Swimming Pool Blog
by Mark Garcia, Nov 7, 2019
Super-Chlorination vs. Hyper-Chlorination
For anyone who owns a pool, and for many who don't - shocking the pool is a familiar term.
Shocking the pool with granular chlorine is raising of free chlorine levels to such a high level that every living thing in the water is killed by cell disruption. The process is not unlike a lightning bolt ripping through the water, and perhaps that's why we call it shocking the pool.
Oxidation is a term that is also used to describe raising the level of sanitizer in the pool. Granular chlorine, (or non-chlorine shock) oxidizes the contaminants in the water, by attacking the cell walls of pathogens, algae and bacteria. Oxidation begins immediately when granular or liquid chlorine is added to water.
Add enough pool shock to the water, and you will reach what's known as "breakpoint chlorination", a threshold beyond which survival of any contaminant is unlikely. This is when the level of sanitizer is greater than the sanitizer demand, and free chlorine levels can rise, unimpeded.
Super Chlorinating the water is not the same as shocking the pool to reach breakpoint chlorination. A true 'shock' of the pool requires at least one pound of pool shock per 10,000 gallons, or more specifically, a level of chlorine that is 10x the level of combined chlorine, when one is shocking to remove combined, or chloramines.
Super Chlorinating the pool is less-than, a full shocking of the pool. If shocking the pool was to raise the chlorine level to 10 ppm for instance, super-chlorinating would be raising it to 5 ppm. It is 'Super' because it is more than the normal, everyday dose, but is not generally considered to be a full shocking of the pool.
Super chlorinating is raising the chlorine level 3-5x the normal levels, to act as a booster, to kill algae that may be in the beginning stages, or to deal with cloudy water or other water conditions. Most often, a pool owner may super chlorinate the pool when the chlorine level is found to be near zero - but there is no need for a full-on shocking of the pool. No full-blown algae bloom, or detectable levels of combined chlorine, but rather an extra dose 'just to be safe'.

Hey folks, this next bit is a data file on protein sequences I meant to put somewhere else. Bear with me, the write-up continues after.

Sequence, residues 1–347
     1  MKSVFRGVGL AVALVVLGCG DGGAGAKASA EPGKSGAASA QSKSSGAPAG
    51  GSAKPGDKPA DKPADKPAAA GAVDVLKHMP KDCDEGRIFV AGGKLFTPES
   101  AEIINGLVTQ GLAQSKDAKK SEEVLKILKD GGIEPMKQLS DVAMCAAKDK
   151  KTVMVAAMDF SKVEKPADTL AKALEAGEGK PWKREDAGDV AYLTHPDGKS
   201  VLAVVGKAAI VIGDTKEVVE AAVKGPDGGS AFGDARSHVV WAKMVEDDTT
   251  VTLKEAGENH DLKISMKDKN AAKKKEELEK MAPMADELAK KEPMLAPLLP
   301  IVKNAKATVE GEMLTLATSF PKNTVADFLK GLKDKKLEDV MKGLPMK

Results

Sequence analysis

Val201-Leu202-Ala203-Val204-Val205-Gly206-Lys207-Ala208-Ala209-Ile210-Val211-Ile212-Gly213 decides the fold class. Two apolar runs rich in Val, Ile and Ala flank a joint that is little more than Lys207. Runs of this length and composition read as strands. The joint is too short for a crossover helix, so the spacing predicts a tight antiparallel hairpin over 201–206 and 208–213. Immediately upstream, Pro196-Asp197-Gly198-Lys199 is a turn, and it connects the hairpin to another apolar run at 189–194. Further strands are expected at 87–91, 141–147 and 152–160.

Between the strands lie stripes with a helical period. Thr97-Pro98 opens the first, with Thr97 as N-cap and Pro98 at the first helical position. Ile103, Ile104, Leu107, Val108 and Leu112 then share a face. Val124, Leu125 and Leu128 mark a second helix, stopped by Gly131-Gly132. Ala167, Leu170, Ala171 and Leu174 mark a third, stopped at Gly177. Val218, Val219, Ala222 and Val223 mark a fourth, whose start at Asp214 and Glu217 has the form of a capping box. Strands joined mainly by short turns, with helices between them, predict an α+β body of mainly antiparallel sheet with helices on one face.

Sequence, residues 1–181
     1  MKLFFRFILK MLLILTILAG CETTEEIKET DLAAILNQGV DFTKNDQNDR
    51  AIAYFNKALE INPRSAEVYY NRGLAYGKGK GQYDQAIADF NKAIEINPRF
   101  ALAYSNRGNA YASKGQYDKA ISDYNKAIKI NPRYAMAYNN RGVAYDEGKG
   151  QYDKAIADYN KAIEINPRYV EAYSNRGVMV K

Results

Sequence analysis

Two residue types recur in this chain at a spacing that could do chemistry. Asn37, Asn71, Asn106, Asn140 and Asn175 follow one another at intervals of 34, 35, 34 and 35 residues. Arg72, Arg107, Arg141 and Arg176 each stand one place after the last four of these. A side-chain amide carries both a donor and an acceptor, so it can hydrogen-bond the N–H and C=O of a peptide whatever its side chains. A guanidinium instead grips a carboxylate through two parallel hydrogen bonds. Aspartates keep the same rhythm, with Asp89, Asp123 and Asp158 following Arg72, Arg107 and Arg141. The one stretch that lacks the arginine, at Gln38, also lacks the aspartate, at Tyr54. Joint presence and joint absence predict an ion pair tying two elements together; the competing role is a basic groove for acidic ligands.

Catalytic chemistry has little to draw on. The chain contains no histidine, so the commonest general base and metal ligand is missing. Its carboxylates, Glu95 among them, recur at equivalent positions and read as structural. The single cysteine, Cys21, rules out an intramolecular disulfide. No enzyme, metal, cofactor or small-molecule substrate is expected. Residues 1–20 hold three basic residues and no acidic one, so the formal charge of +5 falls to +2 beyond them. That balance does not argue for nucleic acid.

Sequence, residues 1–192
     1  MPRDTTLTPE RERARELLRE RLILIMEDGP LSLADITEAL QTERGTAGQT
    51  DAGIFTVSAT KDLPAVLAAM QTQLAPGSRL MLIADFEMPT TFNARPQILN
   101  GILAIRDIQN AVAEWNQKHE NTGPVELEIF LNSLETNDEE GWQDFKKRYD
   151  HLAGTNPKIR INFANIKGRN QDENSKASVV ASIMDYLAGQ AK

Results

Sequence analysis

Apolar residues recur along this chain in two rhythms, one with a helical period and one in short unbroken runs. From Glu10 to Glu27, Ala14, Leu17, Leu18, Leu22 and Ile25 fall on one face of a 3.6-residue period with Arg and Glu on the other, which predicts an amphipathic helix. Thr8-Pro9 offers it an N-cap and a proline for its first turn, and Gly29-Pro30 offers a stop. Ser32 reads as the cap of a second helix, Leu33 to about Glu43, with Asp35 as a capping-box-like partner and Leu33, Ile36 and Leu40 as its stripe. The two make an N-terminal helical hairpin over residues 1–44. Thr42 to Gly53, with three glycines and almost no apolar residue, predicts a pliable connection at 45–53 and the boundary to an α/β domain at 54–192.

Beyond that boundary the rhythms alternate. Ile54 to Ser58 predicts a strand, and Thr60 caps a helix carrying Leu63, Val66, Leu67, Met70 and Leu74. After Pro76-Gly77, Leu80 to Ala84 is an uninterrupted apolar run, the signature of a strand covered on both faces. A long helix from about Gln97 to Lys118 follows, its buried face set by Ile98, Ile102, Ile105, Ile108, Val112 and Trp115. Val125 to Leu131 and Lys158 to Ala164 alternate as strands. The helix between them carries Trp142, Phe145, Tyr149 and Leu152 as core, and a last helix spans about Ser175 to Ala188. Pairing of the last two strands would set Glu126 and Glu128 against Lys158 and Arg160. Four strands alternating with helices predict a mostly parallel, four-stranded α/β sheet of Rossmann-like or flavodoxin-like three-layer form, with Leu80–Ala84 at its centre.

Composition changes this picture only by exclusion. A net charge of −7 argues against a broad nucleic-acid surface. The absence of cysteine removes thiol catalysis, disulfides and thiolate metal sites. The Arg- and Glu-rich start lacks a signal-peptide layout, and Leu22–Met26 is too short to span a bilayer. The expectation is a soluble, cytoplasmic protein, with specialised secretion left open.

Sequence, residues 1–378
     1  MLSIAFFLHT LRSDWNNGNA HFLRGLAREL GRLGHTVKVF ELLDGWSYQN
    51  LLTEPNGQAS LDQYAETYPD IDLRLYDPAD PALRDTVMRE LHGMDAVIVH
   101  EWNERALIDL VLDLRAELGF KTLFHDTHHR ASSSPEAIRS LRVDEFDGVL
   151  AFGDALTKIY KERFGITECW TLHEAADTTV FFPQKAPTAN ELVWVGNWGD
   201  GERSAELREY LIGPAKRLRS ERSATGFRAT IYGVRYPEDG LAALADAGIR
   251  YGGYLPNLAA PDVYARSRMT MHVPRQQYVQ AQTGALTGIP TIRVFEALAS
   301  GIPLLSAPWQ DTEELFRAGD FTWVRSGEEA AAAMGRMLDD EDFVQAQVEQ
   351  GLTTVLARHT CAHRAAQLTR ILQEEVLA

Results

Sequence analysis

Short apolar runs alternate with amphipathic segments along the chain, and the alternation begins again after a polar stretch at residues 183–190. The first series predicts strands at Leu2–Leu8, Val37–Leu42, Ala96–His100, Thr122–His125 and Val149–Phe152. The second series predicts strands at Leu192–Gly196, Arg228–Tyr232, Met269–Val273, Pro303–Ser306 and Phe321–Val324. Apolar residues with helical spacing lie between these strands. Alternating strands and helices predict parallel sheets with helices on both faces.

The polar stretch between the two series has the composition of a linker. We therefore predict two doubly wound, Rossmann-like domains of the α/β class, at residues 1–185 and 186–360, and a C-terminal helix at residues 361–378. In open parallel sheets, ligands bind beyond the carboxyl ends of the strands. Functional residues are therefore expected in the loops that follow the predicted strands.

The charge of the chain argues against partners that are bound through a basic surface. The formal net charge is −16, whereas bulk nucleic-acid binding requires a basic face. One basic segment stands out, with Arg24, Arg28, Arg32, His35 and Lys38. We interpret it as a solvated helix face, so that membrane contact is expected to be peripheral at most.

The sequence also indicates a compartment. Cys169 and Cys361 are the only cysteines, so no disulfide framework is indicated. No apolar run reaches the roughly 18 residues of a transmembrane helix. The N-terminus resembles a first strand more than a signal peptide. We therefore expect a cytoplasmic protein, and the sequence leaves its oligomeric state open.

You may not have heard the term hyper chlorination before, and some of you may think I'm having some fun with terminology, making this stuff up as I go along. But no, hyperchlorination is a real term, and can be defined as maintaining very high levels of chlorine for extended periods of time.
Some pathogens such as Cryptosporidium or Legionella are somewhat chlorine resistant, and can take long periods of time, with high levels of sanitizer, for complete eradication. Fecal accidents in pools and spas, or water left stagnant for extended periods of time may require extended-duration shock treatment, or hyper-chlorination.
Hyper chlorination as defined by the CDC is raising the level of chlorine in the water to 30 ppm, and maintaining the level for at least 8.5 hours. However, it depends on the level of contamination in the pool, and also depends on the use of, and level of cyanuric acid in the pool water. Levels of up to 50 ppm may be required in some cases, and for as long as 36 hours in extreme cases.
- For pools that use cyanuric acid to protect chlorine from the sun, even higher levels of chlorine are needed to achieve effective hyper chlorination. Cyanuric Acid (aka chlorine stabilizer) has a suppressive effect on chlorine, which can require a much higher chlorine dose, to counteract the cyanuric acid. A ratio of 20:1 cyanuric acid to free chlorine has been suggested, or that free chlorine levels should be 7.5% of cyanuric acid levels.
- High pH levels also have a suppressive effect on chlorine efficacy or potency. Be sure that the pH level is a stable 7.2-7.4 before hyperchlorination. Total alkalinity levels that are too low or too high can make it hard to maintain pH in the 7.2 to 7.4 range for effective hyperchlorination. Check that both total alkalinity is 80-120 ppm and pH levels are 7.2 to 7.4 before attempting to hyper chlorinate a pool.
- After the period of hyper chlorination has passed, free chlorine levels can remain too high for swimming for many days. To restore safe chlorine levels, the Illinois Dept. of Health suggests using Sodium Thiosulfate, as a chlorine neutralizer, to lower levels of free chlorine below 5 ppm.
- Lower levels of chlorine may be suitable when supplemental sanitizers are also used, such as UV radiation, ozone treatment, or the combination of both with a hydroxy radical treatment, known as AOP or advanced oxidation process.
- Proper and continuous water testing is crucial during a hyper chlorination treatment. A high-level DPD test kit that can accurately test for very high chlorine levels is needed, like the Lamotte ColorQ or Taylor FAS-DPD test kits.
- Use a non-stabilized form of chlorine for hyper chlorination, such as sodium hypochlorite or calcium hypochlorite. Do not use chlorinated isocyanurates or non-chlorine monopersulfate oxidizers.
Thanks for Reading!